Taiwan president says no peace deal with China unless force ruled out
Tsai Ing-wen rejects formal peace deal as China pushes its ‘one country, two systems’ framework
Taipei — Taiwan's President Tsai Ing-wen on Wednesday said no formal peace deal could be signed with China until leaders in Beijing rule out using force against the island.
Tsai was speaking a day after she confirmed she would run for re-election in early 2020 despite falling ratings and an increasingly strained relationship with China.
Beijing still sees democratic Taiwan as part of its territory to be reunified, despite the two sides being ruled separately since the end of a civil war in 1949.
Tsai was responding to recent comments by Wu Den-yih, head of the main opposition Kuomintang (KMT), that his party would pursue a peace treaty with Beijing if it were to regain power next year.
“There would be no so-called negotiation on equal footing and no real peace as China refuses to give up the use of force against Taiwan and forcefully pushes the ‘one country, two systems’ framework,” she said.
“China’s military intentions and its refusal to give up the use of force against Taiwan is a real source of regional instability and a threat to regional peace,” she said.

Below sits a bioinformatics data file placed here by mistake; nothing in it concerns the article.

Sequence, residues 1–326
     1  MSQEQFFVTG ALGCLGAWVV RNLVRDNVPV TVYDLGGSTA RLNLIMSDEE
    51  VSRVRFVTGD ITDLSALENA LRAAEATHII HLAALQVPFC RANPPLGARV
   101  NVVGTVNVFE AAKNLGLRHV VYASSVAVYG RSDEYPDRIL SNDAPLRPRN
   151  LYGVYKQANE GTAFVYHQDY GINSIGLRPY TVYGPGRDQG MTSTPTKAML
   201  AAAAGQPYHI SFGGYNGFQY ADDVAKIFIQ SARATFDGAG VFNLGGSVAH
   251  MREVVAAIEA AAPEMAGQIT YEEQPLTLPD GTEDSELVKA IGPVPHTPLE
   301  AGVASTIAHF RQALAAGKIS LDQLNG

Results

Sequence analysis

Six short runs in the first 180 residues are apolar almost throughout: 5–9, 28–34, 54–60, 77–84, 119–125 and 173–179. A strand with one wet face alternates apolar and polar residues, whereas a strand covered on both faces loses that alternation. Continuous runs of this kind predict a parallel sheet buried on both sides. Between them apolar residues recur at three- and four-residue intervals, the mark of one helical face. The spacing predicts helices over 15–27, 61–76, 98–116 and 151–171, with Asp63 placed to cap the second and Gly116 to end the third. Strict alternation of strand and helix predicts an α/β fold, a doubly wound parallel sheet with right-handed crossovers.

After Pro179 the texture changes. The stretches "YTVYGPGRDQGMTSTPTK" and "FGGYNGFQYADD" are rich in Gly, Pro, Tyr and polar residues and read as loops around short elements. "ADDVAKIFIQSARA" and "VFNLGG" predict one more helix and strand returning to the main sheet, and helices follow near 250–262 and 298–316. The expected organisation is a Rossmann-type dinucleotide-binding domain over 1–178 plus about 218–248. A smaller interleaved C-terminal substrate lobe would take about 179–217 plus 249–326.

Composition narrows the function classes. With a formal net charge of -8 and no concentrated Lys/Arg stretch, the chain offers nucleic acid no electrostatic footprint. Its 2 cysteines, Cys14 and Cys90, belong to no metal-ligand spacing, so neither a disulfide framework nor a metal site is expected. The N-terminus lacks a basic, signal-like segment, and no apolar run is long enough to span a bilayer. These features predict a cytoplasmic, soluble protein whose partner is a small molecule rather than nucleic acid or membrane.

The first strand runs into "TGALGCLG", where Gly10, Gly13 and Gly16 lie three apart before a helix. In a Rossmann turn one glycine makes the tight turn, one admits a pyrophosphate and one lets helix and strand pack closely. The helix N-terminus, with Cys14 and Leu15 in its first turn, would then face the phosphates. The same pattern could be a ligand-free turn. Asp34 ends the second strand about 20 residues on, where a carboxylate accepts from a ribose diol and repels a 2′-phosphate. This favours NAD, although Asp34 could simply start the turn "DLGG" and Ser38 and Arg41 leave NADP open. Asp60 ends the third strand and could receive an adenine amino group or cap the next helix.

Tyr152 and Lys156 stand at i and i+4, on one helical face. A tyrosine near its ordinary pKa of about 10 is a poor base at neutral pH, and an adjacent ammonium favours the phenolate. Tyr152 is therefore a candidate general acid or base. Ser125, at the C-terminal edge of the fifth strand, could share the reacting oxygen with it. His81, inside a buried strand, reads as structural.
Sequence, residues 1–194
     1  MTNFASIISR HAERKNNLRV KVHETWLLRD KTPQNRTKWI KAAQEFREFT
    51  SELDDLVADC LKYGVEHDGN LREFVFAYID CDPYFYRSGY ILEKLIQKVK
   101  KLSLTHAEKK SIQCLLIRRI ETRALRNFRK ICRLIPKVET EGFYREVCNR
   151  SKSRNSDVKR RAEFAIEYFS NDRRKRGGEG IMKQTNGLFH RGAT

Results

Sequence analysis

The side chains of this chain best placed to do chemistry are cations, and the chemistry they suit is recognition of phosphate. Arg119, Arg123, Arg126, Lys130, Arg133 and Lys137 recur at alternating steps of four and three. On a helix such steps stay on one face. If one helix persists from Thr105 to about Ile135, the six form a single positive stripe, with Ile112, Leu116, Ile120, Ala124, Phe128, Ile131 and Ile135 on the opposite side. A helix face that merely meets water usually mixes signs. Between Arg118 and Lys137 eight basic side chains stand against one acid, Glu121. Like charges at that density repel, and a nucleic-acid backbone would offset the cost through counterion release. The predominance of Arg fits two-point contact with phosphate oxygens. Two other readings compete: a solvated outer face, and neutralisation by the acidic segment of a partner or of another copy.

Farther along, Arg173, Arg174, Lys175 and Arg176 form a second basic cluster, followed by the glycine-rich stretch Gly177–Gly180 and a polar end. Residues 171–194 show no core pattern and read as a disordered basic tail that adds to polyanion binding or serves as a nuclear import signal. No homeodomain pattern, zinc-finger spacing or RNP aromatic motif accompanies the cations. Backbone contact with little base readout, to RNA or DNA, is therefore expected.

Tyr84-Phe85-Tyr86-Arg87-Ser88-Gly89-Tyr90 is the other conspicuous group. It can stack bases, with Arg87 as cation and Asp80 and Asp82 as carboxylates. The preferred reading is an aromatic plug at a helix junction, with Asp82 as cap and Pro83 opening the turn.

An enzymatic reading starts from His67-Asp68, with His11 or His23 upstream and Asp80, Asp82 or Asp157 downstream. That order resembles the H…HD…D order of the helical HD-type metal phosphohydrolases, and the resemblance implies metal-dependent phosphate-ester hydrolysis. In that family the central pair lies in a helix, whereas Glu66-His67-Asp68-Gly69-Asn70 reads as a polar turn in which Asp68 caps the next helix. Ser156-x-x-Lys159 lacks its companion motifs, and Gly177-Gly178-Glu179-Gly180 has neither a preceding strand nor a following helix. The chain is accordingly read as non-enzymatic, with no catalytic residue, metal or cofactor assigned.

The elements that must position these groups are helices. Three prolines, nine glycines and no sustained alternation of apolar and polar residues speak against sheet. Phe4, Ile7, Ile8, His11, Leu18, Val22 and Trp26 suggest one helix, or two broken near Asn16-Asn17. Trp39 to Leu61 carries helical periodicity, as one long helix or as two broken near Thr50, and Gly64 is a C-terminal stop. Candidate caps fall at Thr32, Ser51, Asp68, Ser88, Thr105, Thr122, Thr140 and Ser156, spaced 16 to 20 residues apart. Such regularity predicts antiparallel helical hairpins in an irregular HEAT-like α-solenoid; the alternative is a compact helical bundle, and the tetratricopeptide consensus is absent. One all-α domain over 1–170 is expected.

“One country, two systems” is China’s proposal to absorb Taiwan into the mainland but allow it to keep some of its freedoms.
Beijing has made its dislike of Tsai and her independence-leaning Democratic Progressive Party clear. After her election in 2016, it cut communication with her administration, stepped up military drills and poached several of Taiwan’s dwindling diplomatic allies.
President Xi Jinping reiterated in a speech in January that China would not renounce the option of using military force to bring Taiwan into the fold, describing unification with the mainland as “inevitable”.
A KMT win in 2020 would likely please leaders in Beijing given the much closer relationship it forged with the previous administration of president Ma Ying-jeou.
Ma suggested in 2011 that Taiwan should consider a peace treaty with China within the coming decade, to formally bring an end to a civil war that has actually been over for 70 years. The proposal sparked criticism from detractors that it would be tantamount to a unification or surrender treaty.
Ma later stressed that he would only move ahead for a peace agreement with the approval of both the parliament and the public, and the issue had been shelved since.
The KMT’s drubbing at the 2016 election partly stemmed from voter unease over the party’s perceived cosiness to the mainland. But Wu, a former vice-president under Ma, has resurrected the issue ahead of 2020’s polls. He is among the KMT bigwigs who have been tipped to run for president.
Tsai said she believed voters would balk at the proposal unless Beijing withdrew its threats. “I believe Taiwanese society would not accept any political agreement that could harm or eliminate our sovereignty or eliminate Taiwan’s democracy,” she said.